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EODEIGO v. FEENANDO.P. C., Kalutara, 7,043.
Criminal Procedure Code, s. 190—Recording verdict forthwith after hearing—Criminal trespass by landlord on premises occupied by tenant—Entryinto garden.
It is important that a Magistrate should observe the requirementsof section 190 of the Criminal Procedure Coda as to the duty ofrecording his verdict of acquittal or guilty forthwith after hearing theevidence for the prosecution and defence.
An entry by the landlord into his garden let to a tenant, with intentto commit an offence or to annoy him, is criminal trespass.
HIS was a prosecution for criminal trespass by a tenantagainst his landlord and those who had helped him in the
The complainant, in giving his evidence, said that under anotarial lease he was in occupation of a house belonging to thefirst accused, with liberty to complete a half-built house and putup any other building that might be necessary on the premiseswherein the house stood; that he, with the view of erecting ashed for his horse and carriage, directed a cooly to prepare apiece of ground adjoining his house in order to put up the stables;and that when this work was going on, the first accused, accom-panied by the other accused, interfered with the work, abusedthe complainant and his cooly, filled up the holes that had beendug, made a great noise, and used indecent language to thecomplainant and his cooly.
The Police Magistrate was of opinion that, even if the lan llordthought that his tenant was infringing any covenant in the deedof lease, he was not justified in entering the premises andinterfering with the work of the complainant in the manner theydid, and that their object in going there was to insult and annoythe complainant. He sentenced them each to pay a fine of Es. 20.
Dornhorst (Peris with him), for appellant.
H. J. C. Pereira (Schneider with him), for respondent.
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80th May, 1899. Withers, J.—
The accused in this case has been convicted of the offence ofcriminal trespass, and their appeal is on matters of law only.One of the points of law taken, and I think very properly notpressed in this case, was that, inasmuch as the Magistrate had notgiven judgment, forthwith, his judgment was of no force oreffect. I mention the matter because it is very important that aMagistrate should observe the requirements of. section 190 of“ The Criminal Procedure Code, 1898,” which enacts that aMagistrate shall, after taking “ the evidence for the prosecutionand defence, forthwith record a verdict of acquittal or guilty ashe may find.” If this point had been pressed, I might have hadto send the case back for a re-trial, which would not have beenat all satisfactory.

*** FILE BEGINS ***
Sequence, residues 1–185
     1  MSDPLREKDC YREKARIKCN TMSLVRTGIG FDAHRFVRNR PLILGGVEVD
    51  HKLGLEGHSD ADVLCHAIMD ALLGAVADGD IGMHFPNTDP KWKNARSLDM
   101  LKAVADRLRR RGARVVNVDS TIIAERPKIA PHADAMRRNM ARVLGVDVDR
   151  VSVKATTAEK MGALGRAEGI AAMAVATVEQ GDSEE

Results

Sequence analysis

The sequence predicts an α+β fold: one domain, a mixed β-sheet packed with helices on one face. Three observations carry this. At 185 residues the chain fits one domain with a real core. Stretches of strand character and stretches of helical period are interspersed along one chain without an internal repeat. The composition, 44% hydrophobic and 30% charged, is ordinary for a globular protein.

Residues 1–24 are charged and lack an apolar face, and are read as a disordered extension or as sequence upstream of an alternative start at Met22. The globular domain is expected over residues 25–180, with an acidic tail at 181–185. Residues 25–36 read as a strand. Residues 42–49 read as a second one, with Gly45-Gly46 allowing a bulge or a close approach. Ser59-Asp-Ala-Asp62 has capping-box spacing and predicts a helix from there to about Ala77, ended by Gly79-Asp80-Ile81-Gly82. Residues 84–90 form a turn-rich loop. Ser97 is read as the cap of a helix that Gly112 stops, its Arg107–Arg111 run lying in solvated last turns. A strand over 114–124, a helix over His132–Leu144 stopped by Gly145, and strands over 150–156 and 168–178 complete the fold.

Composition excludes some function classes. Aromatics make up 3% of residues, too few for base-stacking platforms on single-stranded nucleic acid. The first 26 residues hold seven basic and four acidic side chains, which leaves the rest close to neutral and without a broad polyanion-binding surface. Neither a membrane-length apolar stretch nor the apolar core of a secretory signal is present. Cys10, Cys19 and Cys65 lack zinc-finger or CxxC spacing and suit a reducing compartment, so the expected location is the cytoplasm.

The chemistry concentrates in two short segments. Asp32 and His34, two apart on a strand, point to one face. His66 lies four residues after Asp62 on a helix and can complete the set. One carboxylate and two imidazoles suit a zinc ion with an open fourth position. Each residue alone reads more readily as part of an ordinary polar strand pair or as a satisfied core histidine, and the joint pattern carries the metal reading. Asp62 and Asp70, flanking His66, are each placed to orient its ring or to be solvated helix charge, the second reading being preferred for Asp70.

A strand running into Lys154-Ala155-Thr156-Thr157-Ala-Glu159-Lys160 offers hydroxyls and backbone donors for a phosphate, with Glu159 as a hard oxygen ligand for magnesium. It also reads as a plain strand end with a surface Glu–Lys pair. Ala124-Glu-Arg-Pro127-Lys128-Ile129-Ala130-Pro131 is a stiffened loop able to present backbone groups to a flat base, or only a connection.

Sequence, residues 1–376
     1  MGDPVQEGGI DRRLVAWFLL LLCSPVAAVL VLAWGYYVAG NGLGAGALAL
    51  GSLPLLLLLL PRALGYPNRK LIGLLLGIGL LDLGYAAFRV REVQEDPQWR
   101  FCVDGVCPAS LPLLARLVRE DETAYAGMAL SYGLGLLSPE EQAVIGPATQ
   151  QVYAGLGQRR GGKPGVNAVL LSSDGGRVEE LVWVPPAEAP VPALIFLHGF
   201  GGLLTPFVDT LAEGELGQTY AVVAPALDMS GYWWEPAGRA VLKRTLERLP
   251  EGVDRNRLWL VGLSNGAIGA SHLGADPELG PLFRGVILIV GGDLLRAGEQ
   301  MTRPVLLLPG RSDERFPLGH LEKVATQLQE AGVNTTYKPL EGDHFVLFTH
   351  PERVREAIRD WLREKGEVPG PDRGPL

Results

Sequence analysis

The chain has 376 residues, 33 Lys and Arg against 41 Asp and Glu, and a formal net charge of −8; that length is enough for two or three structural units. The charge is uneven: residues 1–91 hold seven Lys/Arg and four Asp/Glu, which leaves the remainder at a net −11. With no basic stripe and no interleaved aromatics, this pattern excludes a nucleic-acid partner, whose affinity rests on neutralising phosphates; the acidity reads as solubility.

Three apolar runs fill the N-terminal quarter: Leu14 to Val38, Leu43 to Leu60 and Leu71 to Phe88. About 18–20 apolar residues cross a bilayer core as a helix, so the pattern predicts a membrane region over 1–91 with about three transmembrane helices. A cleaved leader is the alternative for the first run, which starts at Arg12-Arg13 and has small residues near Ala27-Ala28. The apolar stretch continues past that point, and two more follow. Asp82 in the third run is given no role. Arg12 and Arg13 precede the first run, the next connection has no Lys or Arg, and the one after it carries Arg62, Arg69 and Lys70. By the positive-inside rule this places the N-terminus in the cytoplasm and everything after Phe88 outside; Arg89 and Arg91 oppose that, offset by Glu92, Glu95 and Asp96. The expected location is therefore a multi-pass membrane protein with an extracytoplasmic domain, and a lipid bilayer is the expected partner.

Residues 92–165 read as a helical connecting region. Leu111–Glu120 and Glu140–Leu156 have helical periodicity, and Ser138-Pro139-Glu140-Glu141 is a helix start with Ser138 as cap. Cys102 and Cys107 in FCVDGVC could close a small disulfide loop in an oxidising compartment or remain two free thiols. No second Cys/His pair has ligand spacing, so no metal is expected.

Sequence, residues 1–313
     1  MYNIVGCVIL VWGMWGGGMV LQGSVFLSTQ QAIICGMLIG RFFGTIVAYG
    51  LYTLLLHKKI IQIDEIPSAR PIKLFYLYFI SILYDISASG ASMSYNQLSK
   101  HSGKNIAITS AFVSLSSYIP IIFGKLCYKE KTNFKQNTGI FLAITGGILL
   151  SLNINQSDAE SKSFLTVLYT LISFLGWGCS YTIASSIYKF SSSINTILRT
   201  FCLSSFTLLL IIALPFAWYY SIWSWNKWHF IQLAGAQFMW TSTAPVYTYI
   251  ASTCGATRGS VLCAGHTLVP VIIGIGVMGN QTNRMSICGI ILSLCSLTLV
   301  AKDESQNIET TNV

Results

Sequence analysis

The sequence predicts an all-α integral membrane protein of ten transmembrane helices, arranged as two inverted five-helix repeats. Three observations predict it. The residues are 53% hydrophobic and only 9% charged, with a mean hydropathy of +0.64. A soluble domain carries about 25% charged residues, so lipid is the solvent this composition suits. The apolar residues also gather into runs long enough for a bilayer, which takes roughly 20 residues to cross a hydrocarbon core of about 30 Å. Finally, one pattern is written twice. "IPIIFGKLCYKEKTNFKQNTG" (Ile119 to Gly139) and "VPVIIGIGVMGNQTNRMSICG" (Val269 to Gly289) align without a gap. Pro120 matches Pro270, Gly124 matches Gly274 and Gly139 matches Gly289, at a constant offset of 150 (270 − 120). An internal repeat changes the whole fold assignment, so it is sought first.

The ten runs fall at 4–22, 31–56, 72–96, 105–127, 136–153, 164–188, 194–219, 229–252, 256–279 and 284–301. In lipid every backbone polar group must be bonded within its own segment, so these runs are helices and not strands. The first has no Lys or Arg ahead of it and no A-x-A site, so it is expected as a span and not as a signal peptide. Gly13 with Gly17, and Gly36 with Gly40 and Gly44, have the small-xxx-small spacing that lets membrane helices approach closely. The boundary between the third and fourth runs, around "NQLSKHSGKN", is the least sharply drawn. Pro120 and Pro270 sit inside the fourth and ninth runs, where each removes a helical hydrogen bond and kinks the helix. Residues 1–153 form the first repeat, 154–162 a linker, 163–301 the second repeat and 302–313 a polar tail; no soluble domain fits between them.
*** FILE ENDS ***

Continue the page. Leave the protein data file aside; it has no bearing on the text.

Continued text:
The other point is this: Can a landlord commit the offence ofcriminal trespass on premises possessed or occupied by his tenant?The facts relating to this part of the case appear to be these. Atthe time of the alleged offence the complainant was in possessionof a house and its adjuncts under a notarial contract of 'hire andlease with the defendant. That house stands in a cocoanut gardenwhich was not comprised in the lease, but the complainant maywell be considered an occupant of the garden round his house.Here the entry was into the garden and not into the house. Now,in that state of things I have no doubt that- an entry by the land-lord into the garden, with intent to commit an offence or tointimidate, insult, or annoy the complainant, constitutes criminaltrespass. This is not the first time, of course, that I have con-sidered the offence of criminal trespass as defined by our Code,and I cannot help thinking it was intended to expand the Englishcommon law offence of forcible entry to other cases of entry uponproperty with criminal or wrongful intent. Now, there can beno doubt by the English law that, if one who had a legal title toa land enters it by violence or by show of force when the land isin possession of another, he commits the offence of forcible entry.
. In Newton v. Holland (I M. & G. 644), the judges thought that alandlord might be guilty of forcible entry after the tenant’s term,had expired, both at common law and under the statutes. Hawkins,in 'his Pleas of the Crown (book I., chap. 64, section 33), states thatthe possession of a joint tenant or tenant in common is such apossession as may be the subject of a forcible entry by hisco-tenant, for though the entry of the latter be lawful per mic etper tout so that he cannot in any case be punished for it in anaction for trespass, yet the lawfulness of the entry is no excusefor the violence.
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Here the right of the landlord to go into his garden was noexcuse for him to go there to intimidate and insult the occupant.Mr. Dornhorst called my attention to a passage in Starling’sIndian Criminal Law, where the author states the following propo-sition:—“ The entrance of a member of a joint Hindu familyinto the family dwelling-place cannot be criminal trespass, noris the entry of a stranger with the permission and license ofone of the members,” and in support of this statement the writercites in re Ramp, Krishna Chandra, 6 Bengal Law Reports,Appeal 80, and 15 W. R. 6. Unfortunately I have not thesereports to refer to, but I should want very strong authority tosatisfy me that that is sound law. However, the circumstancesare not the same. From one point of view I should regard an entryby a landlord into the premises occupied by his tenant with theintent to intimidate, insult, or annoy him, as a worse offence thanif committed by a stranger, because the landlord is bound by hiscontract of lease to suffer his tenant to have the free enjoymentof his premises. Affirmed.
RODRIGO v. FERNANDO